I was not specifically looking for a women’s college but I preferred a women’s college because I was coming to the United States for the first time and from a third-world country. I thought maybe there would be many cultural differences. At Hollins, it has been comfortable. It’s not that difficult.
I want to go to grad school and hopefully get a Ph.D. I haven’t declared my major yet but I’m planning to do a B.S. in biology and double minor in physics and math. I really loved physics but I was not sure about the math part of it. After coming here and taking a class with Dr. Hammer, I loved it. I’ll take any class with Dr. Hammer. She’s a fabulous teacher.
The classes are really effective at Hollins because of the small number of students. The faculty members are really approachable. I’m always comfortable one-on-one with professors.
I live in Carvin International House. It’s really small and cozy. It’s 50% international, 50% Americans.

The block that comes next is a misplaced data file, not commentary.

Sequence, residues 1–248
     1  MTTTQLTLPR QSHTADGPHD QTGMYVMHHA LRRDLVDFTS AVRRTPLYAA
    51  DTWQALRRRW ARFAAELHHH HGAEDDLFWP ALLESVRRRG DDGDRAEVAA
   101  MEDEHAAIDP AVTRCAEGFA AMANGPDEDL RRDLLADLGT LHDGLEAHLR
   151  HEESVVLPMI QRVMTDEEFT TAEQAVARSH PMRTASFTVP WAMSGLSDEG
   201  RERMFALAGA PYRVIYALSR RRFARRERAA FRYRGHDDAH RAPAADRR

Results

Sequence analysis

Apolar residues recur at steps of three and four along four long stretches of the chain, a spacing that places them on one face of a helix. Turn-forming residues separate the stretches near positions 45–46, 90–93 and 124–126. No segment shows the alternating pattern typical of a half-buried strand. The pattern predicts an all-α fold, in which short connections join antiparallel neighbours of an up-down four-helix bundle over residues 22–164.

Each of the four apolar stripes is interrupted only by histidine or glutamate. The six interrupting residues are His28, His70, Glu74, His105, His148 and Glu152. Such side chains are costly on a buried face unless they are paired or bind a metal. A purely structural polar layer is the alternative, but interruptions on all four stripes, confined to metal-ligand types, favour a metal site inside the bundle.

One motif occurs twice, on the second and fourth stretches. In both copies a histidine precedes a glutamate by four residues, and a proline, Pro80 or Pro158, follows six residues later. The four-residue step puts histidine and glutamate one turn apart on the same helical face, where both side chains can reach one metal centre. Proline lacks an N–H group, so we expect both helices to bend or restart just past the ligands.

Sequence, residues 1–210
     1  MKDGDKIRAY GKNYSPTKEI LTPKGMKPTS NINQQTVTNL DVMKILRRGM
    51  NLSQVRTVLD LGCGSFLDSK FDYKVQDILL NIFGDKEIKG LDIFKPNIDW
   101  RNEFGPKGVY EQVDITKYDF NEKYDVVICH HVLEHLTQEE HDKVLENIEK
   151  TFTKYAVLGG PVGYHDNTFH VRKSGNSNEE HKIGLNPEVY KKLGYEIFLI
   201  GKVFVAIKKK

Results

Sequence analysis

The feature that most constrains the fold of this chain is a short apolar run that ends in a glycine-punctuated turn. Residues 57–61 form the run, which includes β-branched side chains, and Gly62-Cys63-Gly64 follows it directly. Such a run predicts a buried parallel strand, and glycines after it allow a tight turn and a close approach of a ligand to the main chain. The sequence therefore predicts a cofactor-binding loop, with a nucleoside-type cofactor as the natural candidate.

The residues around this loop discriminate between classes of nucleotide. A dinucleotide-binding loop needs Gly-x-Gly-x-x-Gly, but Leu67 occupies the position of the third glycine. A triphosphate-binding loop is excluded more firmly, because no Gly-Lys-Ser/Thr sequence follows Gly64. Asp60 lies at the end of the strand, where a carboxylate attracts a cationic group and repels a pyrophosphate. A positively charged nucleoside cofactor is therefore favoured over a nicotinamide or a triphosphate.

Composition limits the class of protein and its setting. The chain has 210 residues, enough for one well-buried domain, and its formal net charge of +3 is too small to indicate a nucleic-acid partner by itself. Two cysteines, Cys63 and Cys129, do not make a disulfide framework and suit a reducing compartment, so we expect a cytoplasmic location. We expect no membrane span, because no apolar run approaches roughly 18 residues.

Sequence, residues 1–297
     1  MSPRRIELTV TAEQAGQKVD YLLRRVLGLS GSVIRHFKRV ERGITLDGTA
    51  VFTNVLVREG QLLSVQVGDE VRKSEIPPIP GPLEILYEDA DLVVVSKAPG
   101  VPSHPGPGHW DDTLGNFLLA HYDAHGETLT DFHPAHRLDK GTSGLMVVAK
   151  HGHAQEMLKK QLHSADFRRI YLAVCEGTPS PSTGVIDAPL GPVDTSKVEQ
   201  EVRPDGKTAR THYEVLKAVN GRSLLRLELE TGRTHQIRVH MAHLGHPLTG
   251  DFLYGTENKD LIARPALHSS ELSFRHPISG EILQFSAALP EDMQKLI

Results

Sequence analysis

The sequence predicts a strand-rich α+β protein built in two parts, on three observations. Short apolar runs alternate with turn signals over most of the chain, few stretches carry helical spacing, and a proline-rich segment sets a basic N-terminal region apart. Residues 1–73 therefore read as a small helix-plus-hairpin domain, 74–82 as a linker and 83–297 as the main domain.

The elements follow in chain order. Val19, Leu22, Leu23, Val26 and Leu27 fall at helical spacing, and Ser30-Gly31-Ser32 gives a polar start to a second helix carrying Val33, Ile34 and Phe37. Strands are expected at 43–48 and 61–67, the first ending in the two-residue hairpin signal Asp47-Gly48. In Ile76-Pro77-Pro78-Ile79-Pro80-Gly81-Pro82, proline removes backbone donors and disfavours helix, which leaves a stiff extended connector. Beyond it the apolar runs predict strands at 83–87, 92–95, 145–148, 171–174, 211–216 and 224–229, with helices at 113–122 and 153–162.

I love my host family. I stayed with them over winter break last year and this year, too. They live five minutes away from campus.
I’m the secretary of the Global International Association, or GIA. Last year it was inactive, so this year we reformed it. We wrote a new constitution and everything. We basically tried to narrow the gap between international students and North American students. And then we organized different programs: a kite-flying event and an international dinner.
If you’re coming to the United States, I would say be prepared for everything. Things may not work out the way you want them to, but you just have to be brave and independent. If you think you can do it, then there are people who will support you.
Catherline Zhou, China